Now, that’s not to say that winning isn’t important. Just because I had become a Christian and winning was no longer my top priority doesn’t mean that I didn’t pursue it. My competitive nature still burned within me. So while God commands me to love the Lord with all my heart, soul, mind, and strength, and while He commands me to love others around me (Mark 12:30–31), that’s not at odds with a desire to win. And guess what? The Bible doesn’t say God doesn’t want me to win.

David Boudia alongside teammate Steele Johnson

God doesn’t call me to hold back from training hard or to hold back in a competition, because that’s not pleasing to Him. In fact, I think it’s contradictory to what Paul wrote in 1 Corinthians 10:31: “So, whether you eat or drink, or whatever you do, do all to the glory of God.” Christians follow the Lord by doing everything with excellence because God does all things with excellence. Being excellent is a character trait of God, so when we pursue it, we are modeling ourselves after Him.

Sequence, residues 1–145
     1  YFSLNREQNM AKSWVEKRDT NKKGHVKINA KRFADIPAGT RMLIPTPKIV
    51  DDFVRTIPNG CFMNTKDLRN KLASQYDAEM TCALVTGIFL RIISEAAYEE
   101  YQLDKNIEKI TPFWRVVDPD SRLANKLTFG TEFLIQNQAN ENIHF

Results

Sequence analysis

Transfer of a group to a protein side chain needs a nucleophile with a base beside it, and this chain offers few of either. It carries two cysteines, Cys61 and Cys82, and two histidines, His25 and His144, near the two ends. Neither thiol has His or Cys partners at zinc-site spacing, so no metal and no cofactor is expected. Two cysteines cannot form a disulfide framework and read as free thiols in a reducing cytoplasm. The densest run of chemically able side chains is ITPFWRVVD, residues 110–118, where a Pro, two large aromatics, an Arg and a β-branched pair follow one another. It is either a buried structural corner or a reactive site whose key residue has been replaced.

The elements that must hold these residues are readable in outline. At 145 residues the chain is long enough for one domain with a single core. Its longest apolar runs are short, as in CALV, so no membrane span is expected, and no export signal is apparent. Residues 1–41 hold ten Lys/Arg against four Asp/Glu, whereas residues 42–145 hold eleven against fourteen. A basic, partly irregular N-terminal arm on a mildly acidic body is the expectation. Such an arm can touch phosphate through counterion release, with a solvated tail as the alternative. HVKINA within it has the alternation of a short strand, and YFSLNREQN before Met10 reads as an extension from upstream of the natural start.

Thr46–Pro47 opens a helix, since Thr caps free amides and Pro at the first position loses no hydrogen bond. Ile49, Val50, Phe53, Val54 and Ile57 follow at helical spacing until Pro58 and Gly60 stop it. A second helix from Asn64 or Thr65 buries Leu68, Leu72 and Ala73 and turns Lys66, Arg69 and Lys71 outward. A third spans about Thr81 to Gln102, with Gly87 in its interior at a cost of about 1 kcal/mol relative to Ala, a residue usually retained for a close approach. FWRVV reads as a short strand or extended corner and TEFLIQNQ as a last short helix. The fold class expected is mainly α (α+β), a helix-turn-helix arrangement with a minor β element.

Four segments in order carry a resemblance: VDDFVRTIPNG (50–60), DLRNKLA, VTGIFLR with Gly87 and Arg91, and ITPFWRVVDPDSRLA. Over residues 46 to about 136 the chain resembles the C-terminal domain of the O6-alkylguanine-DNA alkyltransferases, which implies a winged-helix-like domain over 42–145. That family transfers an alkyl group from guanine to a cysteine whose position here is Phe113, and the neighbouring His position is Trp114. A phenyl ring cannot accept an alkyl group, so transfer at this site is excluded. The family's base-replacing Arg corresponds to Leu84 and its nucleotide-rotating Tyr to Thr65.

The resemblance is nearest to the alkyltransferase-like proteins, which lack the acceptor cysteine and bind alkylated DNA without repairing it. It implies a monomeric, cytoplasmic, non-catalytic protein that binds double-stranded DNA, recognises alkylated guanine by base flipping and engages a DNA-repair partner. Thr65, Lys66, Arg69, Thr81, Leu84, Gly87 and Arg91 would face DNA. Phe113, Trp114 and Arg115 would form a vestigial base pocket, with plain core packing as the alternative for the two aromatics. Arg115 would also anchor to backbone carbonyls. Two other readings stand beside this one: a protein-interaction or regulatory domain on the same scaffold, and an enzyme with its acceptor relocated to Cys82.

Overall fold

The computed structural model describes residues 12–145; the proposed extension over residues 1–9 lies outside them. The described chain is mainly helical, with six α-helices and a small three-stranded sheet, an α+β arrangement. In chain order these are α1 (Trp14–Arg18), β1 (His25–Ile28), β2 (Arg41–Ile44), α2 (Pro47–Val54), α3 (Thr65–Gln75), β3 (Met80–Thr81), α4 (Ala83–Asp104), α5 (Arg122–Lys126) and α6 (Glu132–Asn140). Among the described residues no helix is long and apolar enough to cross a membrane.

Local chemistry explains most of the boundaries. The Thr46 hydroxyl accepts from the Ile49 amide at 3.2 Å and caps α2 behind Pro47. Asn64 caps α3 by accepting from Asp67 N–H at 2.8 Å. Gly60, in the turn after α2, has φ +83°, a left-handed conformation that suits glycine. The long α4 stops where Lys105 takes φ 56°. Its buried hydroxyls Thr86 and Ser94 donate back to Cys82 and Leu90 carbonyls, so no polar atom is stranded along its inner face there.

When I compete, I’m doing it for the glory of God. In any given competition I can be a finger pointing to God’s goodness and a light shining on His faithfulness. I don’t have to tear others down or do whatever it takes to win. If I choose to do it that way, that’s disobedience and a perversion of what God requires of us. But to work hard and do my best, to love others around me, that brings honor to God when I’m on the platform.

What are you doing to the glory of God? What are you giving your very best to? What area of your life could be re-envisioned as an opportunity to love God and love others?  

Source: Excerptions from Greater Than Gold by David Boudia.  Published by Thomas Nelson. Copyright 2016 HarperCollins Christian Publishing, All Rights Reserved.